The Liberal government is proposing to allow oil and gas exploration in a new marine protected area that it plans to establish where the Gulf of St. Lawrence meets the Atlantic Ocean.
Ottawa released an impact statement Friday on its Laurentian Channel protected area, a 11,619-square-kilometre stretch of ocean in which commercial activity would be limited in order to protect vulnerable marine life. The establishment of the marine protected area (MPA) is part of Prime Minister Justin Trudeau's promise to set aside 10 per cent of Canada's coastal waters by 2020.
But some environmental groups and ocean scientists argue Ottawa is undermining the effort by allowing future oil and gas exploration in the zone. A study in the journal Nature Ecology & Evolution, released last week, concluded that intense acoustic signals used in oil and gas exploration cause significant damage to zooplankton populations that are critical elements of the marine food chain.
"Protected area should mean exactly that – protected," Sabine Jessen, oceans director for the Canadian Parks and Wilderness Society, said in an interview. "These are the places [where] we're trying to protect intact ecosystems for the long term. It's ridiculous to continue to allow oil and gas activity in this area."
In an impact statement published Friday, the Department of Fisheries and Oceans said the draft regulations "would prohibit any activity that disturbs, damages, destroys or removes from the Laurentian Channel MPA a living marine organism or any part of its habitat." A government spokeswoman suggested the plan is not finalized.
"We look forward to listening to what Canadians have to say about the proposed Laurentian Channel Marine Protected Area, which aims to protect and conserve important species and habitat so that they can be enjoyed by generations to come," Laura Gareau, a spokeswoman for Fisheries and Oceans Minister Dominic LeBlanc, said in an e-mailed statement Friday.
"Only activities that are determined to be compatible with the conservation objectives of this MPA would be allowed," she added.
The government plans to ban recreational and commercial fishing in the area, but the department said such a prohibition would have little economic impact because there is little commercial fishing currently being done within the borders of the proposed protected area.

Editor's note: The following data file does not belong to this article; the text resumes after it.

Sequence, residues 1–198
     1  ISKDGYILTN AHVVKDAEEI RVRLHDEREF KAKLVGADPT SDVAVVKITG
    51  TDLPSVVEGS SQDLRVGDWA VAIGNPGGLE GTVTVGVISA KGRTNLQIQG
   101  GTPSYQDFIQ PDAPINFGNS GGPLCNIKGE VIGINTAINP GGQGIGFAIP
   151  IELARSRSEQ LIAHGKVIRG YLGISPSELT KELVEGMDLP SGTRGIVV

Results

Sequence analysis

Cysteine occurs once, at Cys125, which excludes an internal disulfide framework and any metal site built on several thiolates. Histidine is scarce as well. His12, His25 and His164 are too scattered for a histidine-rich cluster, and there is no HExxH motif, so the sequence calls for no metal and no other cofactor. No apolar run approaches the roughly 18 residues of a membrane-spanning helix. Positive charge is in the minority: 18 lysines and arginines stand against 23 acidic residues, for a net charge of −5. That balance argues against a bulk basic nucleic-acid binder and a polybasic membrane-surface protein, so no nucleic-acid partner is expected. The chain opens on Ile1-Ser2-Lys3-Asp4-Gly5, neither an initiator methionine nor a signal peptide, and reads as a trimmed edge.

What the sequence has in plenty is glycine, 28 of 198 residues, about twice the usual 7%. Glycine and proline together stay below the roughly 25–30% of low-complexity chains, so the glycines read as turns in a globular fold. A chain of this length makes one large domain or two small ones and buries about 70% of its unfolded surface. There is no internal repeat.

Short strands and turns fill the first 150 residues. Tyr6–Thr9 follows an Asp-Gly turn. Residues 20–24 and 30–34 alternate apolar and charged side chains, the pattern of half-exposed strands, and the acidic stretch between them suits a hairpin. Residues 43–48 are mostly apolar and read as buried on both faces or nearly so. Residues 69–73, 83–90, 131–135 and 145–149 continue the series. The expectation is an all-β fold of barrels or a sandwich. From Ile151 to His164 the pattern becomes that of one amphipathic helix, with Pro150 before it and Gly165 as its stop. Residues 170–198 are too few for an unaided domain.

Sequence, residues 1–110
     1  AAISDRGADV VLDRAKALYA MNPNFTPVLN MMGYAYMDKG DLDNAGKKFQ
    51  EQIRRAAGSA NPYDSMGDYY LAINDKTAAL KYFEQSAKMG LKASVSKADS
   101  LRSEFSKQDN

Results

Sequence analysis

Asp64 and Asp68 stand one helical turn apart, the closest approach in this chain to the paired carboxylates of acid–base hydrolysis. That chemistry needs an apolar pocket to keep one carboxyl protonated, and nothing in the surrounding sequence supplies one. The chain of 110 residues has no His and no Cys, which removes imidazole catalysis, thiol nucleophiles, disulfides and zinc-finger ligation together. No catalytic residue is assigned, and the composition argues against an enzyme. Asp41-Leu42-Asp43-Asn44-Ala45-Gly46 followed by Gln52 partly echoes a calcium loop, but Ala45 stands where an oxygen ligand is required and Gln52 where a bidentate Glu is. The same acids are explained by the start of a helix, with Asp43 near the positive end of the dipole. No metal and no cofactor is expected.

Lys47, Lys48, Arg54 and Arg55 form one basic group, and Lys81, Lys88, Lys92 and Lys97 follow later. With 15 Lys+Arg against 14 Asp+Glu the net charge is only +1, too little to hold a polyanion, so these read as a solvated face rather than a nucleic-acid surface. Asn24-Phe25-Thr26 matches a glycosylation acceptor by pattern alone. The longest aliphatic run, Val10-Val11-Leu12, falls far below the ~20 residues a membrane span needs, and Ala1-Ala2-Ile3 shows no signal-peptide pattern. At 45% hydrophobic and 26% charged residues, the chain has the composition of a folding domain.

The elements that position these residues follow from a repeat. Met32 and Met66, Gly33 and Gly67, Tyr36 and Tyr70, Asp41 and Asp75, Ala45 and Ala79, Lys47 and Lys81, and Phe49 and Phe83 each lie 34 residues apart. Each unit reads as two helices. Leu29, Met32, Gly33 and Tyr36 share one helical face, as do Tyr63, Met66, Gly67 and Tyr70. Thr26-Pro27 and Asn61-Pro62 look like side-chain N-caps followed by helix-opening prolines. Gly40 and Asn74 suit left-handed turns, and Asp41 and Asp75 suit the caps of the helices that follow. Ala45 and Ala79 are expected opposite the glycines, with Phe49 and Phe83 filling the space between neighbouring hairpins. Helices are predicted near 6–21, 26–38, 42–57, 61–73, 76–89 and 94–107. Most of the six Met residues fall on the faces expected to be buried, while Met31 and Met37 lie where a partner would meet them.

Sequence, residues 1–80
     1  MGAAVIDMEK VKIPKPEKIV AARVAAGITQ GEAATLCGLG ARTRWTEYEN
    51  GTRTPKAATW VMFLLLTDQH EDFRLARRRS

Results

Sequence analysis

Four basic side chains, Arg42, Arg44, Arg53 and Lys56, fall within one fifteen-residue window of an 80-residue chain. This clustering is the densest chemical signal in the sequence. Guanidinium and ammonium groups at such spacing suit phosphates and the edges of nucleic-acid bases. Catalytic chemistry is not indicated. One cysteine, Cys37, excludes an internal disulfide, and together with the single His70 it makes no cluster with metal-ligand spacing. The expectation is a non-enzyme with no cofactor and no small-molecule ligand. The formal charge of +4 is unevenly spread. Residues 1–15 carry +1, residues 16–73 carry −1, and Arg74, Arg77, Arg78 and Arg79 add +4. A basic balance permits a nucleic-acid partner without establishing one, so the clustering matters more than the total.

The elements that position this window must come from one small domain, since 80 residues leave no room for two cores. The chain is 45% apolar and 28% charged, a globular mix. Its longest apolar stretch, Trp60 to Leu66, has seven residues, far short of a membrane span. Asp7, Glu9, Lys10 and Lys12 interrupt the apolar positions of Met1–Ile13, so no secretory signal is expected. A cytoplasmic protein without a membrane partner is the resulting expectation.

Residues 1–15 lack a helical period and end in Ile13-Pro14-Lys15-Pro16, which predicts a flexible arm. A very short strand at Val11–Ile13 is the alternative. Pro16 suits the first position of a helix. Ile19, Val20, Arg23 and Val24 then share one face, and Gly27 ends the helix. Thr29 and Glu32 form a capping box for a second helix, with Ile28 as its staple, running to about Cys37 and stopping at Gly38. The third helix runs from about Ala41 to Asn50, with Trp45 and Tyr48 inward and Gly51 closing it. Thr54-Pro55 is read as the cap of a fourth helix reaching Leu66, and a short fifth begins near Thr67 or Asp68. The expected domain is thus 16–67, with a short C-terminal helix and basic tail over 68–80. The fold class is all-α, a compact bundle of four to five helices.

The proposed regulations would prohibit oil and gas activities within smaller, particularly sensitive sectors but allow it with some restrictions in most of the protected area. Seismic activity, which uses acoustic waves to detect oil and gas formations, would be prohibited from Aug. 1 to Nov. 30 to protect certain species "during sensitive life-cycle periods."
Halifax-based Corridor Resources Inc., has an exploration licence for the "Old Harry" site in the Gulf of Lawrence about 150 km northwest of the protected area. However, Natural Resources Canada says there is little prospect of oil and gas drilling in the protected area of Laurentian Channel due to low resource potential and high costs.
If that's the case, the government should have no problem banning drilling in the area, said David Miller, president of World Wildlife Fund Canada.
"Our view is marine protected areas should not have extractive industries in them, particularly oil and gas because of the ecological impacts," Mr. Miller said. "If you allow industry in, it's not really protected; it's just a line on a map."
Along with environmental groups, the Canadian Association of Petroleum Producers (CAPP) was involved in consultations prior to the government's decision on how much activity to allow in the channel.
CAPP vice-president Paul Barnes noted that the Oceans Act, which governs the creation of marine protected areas, allows for oil and gas activity within those zones as long as the impact can be mitigated so as not to harm threatened species. The restrictions on seismic activity will protect marine mammals and other migratory species during critical periods, he said.
However, the CAPP vice-president said there is industry interest in exploring in the region. Calgary-based Husky Oil Ltd. – a big producer in the offshore industry off Newfoundland's southeast coast – had an exploration licence in the area that expired in 2014.
"We think that whole area still holds some promise," Mr. Barnes said. "It's a gas-prone area … but there are companies that think there's the presence of oil there as well.''